Weaknesses of this study include the retrospective nature of data collection and the limited number of cases for such an evidently rare occurrence. The investigators caution that a different femtosecond laser platform besides the one used in this study, or different laser settings than those used in this study, could have clinically different rates of anterior chamber gas bubble formation as well as postoperative outcomes. Future investigations may validate or refute the findings in this report, further characterize the circumstances in which bubble formation occurs, and investigate various femtosecond laser settings in which the incidence of anterior chamber gas bubble formation during femtosecond laser flap creation is decreased or eliminated altogether in the setting of LASIK.
Conflict of Interests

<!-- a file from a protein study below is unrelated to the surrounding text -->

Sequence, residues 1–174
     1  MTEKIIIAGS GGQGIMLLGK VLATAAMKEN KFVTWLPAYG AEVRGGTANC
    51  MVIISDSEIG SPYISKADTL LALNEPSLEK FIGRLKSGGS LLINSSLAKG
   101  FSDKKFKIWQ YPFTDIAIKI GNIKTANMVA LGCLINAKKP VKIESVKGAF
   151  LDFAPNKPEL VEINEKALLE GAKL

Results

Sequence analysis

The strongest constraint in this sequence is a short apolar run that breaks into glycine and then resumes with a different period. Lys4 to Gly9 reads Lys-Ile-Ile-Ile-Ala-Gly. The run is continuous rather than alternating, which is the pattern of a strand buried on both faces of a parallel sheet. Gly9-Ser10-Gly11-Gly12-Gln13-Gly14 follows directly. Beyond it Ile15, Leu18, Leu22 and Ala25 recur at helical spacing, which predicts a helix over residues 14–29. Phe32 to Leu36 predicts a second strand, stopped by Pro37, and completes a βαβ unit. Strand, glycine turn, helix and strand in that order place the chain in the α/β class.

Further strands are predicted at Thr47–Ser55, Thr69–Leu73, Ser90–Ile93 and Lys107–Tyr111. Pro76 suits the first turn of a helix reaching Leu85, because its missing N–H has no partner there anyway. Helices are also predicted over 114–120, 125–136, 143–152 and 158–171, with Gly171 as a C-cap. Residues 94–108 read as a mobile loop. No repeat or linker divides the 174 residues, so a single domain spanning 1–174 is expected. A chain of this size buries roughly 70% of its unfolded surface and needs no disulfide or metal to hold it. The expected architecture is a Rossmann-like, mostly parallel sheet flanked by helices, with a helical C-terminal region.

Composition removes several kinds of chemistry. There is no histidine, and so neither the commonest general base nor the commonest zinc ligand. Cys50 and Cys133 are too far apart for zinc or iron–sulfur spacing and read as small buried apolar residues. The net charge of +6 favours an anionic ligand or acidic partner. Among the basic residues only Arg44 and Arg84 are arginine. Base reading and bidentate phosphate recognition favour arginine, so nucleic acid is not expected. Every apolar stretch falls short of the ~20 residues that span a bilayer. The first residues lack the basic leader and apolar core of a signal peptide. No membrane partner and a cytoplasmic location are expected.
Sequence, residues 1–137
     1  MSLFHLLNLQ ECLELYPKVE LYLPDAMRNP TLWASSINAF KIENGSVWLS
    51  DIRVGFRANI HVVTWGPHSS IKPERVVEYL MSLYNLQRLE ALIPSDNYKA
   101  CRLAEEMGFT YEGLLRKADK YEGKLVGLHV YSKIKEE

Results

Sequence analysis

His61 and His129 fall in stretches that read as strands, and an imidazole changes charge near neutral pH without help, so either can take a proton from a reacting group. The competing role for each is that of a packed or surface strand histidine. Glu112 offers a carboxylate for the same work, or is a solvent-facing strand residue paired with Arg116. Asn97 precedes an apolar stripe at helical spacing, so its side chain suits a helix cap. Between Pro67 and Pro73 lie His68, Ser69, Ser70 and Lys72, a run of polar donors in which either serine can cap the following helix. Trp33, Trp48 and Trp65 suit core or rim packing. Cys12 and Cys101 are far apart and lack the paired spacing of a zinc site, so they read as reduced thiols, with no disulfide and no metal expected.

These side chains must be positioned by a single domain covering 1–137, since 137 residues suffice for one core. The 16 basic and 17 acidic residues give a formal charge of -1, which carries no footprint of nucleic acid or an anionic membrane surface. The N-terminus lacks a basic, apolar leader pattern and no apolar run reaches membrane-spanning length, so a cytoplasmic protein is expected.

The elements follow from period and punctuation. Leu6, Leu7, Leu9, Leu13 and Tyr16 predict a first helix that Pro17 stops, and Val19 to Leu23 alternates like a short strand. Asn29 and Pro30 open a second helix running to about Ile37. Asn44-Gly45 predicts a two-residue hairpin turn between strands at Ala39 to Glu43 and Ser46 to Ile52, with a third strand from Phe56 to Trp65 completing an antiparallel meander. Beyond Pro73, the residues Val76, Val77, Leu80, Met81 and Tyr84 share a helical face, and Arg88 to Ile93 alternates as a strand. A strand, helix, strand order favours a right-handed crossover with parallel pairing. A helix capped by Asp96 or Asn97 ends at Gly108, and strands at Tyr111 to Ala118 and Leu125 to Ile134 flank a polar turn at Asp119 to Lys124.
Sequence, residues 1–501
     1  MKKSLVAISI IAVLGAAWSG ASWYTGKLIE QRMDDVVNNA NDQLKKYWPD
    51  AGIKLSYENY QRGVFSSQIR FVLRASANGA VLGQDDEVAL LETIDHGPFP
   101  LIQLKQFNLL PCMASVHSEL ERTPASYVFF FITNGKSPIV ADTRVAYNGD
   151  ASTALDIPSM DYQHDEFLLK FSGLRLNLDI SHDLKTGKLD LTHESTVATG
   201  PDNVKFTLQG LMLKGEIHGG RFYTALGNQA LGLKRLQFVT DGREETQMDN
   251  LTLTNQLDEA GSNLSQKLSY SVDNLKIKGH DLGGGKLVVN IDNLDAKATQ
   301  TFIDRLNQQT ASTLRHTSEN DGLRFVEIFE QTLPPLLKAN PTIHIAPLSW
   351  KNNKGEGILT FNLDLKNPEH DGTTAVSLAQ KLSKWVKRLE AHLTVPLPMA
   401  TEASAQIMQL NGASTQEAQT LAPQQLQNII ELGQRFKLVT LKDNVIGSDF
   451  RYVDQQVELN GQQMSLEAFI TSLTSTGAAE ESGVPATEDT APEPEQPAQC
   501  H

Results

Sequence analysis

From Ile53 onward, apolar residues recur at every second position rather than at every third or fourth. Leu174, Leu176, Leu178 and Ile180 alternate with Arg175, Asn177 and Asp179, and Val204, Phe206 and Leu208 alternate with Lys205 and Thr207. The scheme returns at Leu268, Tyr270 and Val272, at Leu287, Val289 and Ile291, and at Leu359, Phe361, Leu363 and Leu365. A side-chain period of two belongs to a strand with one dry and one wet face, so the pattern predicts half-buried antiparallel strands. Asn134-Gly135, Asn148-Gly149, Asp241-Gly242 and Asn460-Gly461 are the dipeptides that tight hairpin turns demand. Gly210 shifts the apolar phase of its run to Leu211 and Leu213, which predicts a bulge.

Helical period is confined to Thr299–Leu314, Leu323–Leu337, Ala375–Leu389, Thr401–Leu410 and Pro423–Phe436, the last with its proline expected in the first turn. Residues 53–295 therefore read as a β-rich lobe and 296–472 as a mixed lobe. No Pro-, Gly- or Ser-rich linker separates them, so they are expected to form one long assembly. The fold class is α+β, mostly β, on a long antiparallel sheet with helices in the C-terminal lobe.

The authors declare that they have nil presentations, nil financial support, and nil financial or proprietary interest.
Sloan W. Rush and Ryan B. Rush designed and conducted the study; Sloan W. Rush and Philip Cofoid performed collection, management, analysis, and interpretation of the data; and Sloan W. Rush, Ryan B. Rush, and Philip Cofoid prepared, reviewed, or approved the paper.
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Copyright © 2015 Sloan W. Rush et al. This is an open access article distributed under the Creative Commons Attribution License, which permits unrestricted use, distribution, and reproduction in any medium, provided the original work is properly cited.